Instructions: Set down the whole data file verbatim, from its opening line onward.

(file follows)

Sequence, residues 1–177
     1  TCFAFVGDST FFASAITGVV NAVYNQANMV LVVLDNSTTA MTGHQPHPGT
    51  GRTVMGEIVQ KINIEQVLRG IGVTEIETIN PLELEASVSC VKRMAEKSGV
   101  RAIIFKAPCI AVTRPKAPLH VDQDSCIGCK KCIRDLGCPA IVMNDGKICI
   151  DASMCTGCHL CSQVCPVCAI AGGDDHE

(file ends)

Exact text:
Sequence, residues 1–177
     1  TCFAFVGDST FFASAITGVV NAVYNQANMV LVVLDNSTTA MTGHQPHPGT
    51  GRTVMGEIVQ KINIEQVLRG IGVTEIETIN PLELEASVSC VKRMAEKSGV
   101  RAIIFKAPCI AVTRPKAPLH VDQDSCIGCK KCIRDLGCPA IVMNDGKICI
   151  DASMCTGCHL CSQVCPVCAI AGGDDHE